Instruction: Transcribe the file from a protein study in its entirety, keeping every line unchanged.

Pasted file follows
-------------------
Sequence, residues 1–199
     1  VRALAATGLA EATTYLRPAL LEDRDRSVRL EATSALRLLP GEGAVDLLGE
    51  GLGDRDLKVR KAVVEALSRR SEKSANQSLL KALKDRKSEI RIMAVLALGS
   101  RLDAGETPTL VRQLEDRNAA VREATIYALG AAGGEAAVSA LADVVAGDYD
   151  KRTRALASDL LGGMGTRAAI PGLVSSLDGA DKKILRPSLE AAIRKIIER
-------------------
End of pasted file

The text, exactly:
Sequence, residues 1–199
     1  VRALAATGLA EATTYLRPAL LEDRDRSVRL EATSALRLLP GEGAVDLLGE
    51  GLGDRDLKVR KAVVEALSRR SEKSANQSLL KALKDRKSEI RIMAVLALGS
   101  RLDAGETPTL VRQLEDRNAA VREATIYALG AAGGEAAVSA LADVVAGDYD
   151  KRTRALASDL LGGMGTRAAI PGLVSSLDGA DKKILRPSLE AAIRKIIER